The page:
"President Obama clearly welcomes President Rouhani's overtures. But words are not going to replace actions. What we need are actions that prove that we and our allies, our friends in the region, can never be threatened by this program....The United States is not going to lift the sanctions until it is clear that a very verifiable, accountable, transparent process is in place, whereby we know exactly what Iran is going to be doing with its program....A good deal means that it is absolutely accountable, failsafe in its measures to make certain this is a peaceful program." (CBS News)
See also U.S.: Any Agreement with Iran "Must Be Fully Verifiable and Enforceable" - Fareed Zakaria
U.S. National Security Advisor Susan Rice said Sunday:
"The message that President Rouhani delivered...is that...they only seek nuclear power for peaceful purposes. Obviously, we and others in the international community have every reason to be skeptical of that and we need to test it and any agreement must be fully verifiable and enforceable....Right now, Iran remains in non-compliance with its obligations under the Security Council resolutions."
"It's way too soon to presume either the prospect of an agreement on the nuclear program, which we hope to be able to achieve, but we're quite sober about the potential for that." (CNN)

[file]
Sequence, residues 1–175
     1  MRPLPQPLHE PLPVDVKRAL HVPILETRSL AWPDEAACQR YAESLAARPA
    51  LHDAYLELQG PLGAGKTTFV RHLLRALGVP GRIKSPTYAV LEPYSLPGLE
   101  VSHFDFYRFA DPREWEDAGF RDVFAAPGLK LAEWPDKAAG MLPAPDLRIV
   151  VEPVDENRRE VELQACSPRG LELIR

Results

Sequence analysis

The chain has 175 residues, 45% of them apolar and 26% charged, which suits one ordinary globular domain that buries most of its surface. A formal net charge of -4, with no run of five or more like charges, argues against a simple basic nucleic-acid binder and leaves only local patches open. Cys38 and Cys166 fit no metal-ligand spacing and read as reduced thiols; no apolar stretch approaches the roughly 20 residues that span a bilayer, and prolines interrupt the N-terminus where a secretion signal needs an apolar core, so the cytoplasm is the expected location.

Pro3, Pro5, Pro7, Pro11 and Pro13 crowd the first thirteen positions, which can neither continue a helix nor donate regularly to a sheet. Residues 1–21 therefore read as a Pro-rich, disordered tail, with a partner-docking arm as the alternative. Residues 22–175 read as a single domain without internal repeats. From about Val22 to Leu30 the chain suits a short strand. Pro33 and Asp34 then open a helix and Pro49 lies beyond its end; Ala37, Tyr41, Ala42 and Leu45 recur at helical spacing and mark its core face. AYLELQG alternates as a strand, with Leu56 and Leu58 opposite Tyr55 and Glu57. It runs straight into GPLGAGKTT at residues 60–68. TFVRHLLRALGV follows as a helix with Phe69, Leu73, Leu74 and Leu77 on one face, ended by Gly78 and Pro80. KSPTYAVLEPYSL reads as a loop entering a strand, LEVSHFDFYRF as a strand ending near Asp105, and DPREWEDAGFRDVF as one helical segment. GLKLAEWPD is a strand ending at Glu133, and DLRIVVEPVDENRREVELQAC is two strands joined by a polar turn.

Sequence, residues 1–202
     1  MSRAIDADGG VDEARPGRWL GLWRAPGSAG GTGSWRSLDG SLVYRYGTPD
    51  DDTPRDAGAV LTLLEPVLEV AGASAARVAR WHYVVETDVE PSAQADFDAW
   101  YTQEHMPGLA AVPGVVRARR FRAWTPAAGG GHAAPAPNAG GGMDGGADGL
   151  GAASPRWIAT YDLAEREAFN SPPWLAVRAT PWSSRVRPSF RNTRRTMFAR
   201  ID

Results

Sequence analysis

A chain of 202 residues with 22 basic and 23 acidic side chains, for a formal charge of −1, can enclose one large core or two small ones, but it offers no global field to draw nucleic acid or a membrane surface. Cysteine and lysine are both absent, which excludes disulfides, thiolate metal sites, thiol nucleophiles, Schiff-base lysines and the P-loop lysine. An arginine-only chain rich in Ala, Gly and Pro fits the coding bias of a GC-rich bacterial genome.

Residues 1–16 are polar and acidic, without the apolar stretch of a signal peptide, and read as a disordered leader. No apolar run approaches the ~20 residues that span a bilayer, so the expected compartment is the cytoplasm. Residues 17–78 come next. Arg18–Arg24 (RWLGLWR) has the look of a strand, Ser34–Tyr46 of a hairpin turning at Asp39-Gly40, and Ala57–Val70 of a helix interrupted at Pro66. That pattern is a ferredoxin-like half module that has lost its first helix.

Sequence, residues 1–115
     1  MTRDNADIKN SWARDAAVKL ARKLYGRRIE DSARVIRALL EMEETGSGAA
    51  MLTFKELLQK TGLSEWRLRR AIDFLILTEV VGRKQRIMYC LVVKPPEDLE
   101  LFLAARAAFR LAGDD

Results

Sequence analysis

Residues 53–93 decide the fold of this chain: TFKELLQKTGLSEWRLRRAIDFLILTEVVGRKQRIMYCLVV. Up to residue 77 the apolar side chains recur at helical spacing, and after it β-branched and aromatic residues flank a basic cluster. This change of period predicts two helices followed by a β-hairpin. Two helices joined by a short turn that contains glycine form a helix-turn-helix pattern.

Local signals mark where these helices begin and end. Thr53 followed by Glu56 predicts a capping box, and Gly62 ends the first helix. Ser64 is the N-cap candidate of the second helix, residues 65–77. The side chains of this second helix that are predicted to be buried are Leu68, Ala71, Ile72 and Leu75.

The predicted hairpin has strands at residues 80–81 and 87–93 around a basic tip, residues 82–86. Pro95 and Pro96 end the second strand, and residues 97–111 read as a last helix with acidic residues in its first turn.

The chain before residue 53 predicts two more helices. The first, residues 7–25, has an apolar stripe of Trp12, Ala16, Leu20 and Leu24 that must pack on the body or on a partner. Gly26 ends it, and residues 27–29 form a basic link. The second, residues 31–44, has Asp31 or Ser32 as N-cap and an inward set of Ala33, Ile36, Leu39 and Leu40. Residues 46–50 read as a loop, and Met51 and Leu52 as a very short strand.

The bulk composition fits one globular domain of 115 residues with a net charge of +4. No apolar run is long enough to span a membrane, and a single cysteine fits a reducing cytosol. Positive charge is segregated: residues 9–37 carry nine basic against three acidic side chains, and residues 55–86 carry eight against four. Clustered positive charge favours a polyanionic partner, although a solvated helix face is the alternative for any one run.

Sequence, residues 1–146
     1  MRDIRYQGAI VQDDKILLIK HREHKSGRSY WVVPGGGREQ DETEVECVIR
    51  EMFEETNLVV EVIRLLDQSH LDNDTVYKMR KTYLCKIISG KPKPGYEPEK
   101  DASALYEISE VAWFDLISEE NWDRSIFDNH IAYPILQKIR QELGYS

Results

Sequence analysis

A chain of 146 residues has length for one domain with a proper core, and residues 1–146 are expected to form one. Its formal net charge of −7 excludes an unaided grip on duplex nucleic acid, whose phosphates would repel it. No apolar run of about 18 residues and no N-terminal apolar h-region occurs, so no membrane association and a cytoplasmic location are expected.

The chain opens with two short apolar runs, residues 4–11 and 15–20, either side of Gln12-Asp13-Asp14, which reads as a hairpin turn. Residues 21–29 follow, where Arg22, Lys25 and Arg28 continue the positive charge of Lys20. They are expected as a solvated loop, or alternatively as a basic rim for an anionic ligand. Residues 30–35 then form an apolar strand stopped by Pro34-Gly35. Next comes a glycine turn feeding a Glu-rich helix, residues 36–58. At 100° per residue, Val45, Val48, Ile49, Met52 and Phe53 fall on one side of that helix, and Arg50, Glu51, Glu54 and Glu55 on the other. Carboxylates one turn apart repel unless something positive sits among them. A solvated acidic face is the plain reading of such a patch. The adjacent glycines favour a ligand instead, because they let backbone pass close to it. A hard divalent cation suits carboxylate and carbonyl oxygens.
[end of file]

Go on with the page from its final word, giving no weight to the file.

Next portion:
- U.S. Says Iran Hacked Navy Computers - Julian E. Barnes and Siobhan Gorman
U.S. officials said Iran hacked unclassified Navy computers in recent weeks. The Iranian intruders penetrated a computer network used for email and the service's internal intranet. The attacks were carried out by hackers working for Iran's government or by a group acting with the approval of Iranian leaders. The officials didn't believe Iranian agents stole information of significant value, but the incident showed a more potent Iranian hacking capability than previously believed. "Iran is very active," said James Lewis, a cybersecurity specialist at the Center for Strategic and International Studies. "They're better than we thought....They're getting help from the Russians." (Wall Street Journal)
Global Commentary and Think-Tank Analysis (Best of U.S., UK, and Israel):
- Al-Nusra Front Forging Al-Qaeda Base in Syria
In June 2013, al-Qaeda leader Ayman al-Zawahiri declared the Al-Nusra Front (Jabhat al-Nusra) to be the official al-Qaeda branch in Syria. The Al-Nusra Front seeks to establish an Islamic Caliphate in Greater Syria, which includes Syria, Lebanon, Jordan, Israel and the Palestinian Authority.
The Al-Nusra Front
is hostile to Israel and the West and rejects Western values (such as democracy, pluralism and freedom of worship). It is also hostile to Syria's minorities, especially the Alawites and the Shi'ites, whom it regards as infidels. It regards jihad as the personal duty of every Muslim.